Michael Brune: Immigrant Rights and Environmental Movements' Concerns Are Intertwined
Tuesday in the midst of a national emergency along the Gulf Coast, Donald Trump's attorney general, Jefferson Beauregard Sessions, is set to announce the termination of the Deferred Action for Childhood Arrivals (DACA) program, leaving it up to congress to protect the more than 800,000 young undocumented immigrants in the program. DACA, put in place by the Obama administration, provided protections from deportations and the ability to work and attend school for young undocumented immigrants or Dreamers, brought to the U.S. as children. Houston is home to 56,800 dreamers.
Trump's mean-spirited decision to terminate DACA endangers the safety of hundreds of thousands of our friends, family members and neighbors. These are young people who came to the United States with a dream to make a better life, and they are making our country better as a result.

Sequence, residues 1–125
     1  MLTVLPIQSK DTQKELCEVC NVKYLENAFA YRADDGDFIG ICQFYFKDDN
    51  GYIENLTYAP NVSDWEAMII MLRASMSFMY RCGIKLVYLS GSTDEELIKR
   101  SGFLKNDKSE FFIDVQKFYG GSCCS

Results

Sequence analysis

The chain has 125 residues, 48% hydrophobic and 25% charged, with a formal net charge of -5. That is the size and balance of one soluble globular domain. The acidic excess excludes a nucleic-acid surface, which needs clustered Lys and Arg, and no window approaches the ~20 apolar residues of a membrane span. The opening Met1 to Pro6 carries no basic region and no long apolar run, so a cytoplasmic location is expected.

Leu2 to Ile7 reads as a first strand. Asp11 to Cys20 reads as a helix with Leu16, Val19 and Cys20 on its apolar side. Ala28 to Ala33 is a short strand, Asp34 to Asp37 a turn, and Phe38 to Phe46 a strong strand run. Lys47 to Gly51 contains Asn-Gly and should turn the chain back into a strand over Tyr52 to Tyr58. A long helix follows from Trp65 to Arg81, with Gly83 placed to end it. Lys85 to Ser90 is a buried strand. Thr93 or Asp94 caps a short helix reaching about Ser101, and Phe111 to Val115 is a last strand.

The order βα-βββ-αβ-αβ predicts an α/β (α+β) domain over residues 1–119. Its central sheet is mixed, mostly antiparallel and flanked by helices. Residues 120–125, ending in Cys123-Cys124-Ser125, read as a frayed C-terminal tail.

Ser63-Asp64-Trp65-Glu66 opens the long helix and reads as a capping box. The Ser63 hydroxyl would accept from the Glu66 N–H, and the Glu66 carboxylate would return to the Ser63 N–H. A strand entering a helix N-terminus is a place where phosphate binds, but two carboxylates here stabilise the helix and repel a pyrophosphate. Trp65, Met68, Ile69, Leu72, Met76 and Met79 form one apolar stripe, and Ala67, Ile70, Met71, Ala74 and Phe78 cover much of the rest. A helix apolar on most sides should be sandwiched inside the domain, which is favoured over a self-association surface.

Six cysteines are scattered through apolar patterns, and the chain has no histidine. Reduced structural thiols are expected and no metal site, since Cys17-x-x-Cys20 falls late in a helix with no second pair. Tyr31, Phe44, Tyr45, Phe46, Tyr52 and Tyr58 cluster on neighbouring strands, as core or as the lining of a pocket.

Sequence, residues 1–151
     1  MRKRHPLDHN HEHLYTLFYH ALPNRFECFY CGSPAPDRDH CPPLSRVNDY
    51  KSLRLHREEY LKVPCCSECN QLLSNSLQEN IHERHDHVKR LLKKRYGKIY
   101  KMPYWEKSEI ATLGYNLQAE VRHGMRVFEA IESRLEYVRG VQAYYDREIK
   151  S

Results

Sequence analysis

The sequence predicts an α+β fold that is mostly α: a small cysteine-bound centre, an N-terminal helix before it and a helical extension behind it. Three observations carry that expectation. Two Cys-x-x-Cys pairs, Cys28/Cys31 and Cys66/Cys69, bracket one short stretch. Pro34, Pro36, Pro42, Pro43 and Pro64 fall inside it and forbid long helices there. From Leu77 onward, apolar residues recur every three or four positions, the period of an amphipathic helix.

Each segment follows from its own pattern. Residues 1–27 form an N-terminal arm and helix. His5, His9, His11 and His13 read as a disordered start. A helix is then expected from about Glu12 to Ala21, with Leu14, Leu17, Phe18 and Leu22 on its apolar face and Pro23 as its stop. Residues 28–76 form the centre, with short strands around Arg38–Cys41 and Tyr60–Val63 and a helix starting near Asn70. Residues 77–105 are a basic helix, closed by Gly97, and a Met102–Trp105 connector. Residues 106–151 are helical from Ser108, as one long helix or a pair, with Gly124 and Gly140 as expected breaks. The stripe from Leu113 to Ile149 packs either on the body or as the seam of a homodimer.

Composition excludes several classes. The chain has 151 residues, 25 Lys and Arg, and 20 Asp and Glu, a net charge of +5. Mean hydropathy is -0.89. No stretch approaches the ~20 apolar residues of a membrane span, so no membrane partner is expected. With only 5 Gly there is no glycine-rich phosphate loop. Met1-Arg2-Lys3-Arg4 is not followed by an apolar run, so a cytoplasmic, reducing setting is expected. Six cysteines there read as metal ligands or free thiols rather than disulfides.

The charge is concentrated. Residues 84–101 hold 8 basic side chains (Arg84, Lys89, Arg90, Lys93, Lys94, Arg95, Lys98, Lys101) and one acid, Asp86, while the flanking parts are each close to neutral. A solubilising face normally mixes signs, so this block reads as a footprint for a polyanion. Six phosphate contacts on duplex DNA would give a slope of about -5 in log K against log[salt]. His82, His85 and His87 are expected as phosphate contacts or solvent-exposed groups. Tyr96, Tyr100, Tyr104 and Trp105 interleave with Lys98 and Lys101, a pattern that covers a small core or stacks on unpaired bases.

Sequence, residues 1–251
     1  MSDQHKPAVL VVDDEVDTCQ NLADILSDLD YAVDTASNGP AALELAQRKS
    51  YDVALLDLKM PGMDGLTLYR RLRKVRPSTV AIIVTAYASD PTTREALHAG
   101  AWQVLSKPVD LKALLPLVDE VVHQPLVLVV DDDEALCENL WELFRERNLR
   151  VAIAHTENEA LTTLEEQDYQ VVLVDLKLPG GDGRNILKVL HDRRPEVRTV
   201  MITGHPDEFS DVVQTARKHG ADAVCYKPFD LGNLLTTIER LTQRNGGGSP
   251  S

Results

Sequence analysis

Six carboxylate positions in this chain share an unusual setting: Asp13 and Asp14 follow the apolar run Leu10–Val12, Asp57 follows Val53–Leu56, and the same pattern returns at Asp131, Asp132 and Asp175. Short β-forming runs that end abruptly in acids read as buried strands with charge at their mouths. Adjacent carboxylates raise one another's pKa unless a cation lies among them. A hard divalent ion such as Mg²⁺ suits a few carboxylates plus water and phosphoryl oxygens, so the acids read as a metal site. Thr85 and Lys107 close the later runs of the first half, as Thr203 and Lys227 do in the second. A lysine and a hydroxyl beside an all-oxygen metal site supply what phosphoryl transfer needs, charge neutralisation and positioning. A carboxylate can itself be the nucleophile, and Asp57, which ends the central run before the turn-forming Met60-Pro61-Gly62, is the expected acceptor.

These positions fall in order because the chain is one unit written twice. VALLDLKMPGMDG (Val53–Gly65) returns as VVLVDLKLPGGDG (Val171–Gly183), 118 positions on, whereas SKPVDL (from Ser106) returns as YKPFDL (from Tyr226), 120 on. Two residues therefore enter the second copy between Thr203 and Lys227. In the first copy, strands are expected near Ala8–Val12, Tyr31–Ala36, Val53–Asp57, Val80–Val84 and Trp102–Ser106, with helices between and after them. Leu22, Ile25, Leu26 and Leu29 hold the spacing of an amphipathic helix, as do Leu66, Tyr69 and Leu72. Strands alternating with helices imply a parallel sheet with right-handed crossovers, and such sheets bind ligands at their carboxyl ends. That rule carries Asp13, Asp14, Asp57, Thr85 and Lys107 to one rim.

The immigrant rights and environmental movements' concerns are intertwined. Those communities most threatened by Trump's presidency—immigrants, communities of color and women—are also most vulnerable to toxic pollution and climate change. The Sierra Club is in solidarity with all those who have helped strengthen our country through DACA and we strongly oppose the bigotry being stoked by the White House against immigrants.
The move comes after regional authorities declared a state of emergency over the weekend after sightings of more than 50 bears in the town of Belushya Guba since December.
This year's letter from Bill and Melinda Gates focused on nine things that surprised them. For the Microsoft-cofounder, one thing he was surprised to learn was the massive amount of new buildings the planet should expect in the coming decades due to urban population growth.
"The number of buildings in the world is going to double by 2060. It's like we're going to build a new New York City every month for the next 40 years," he said.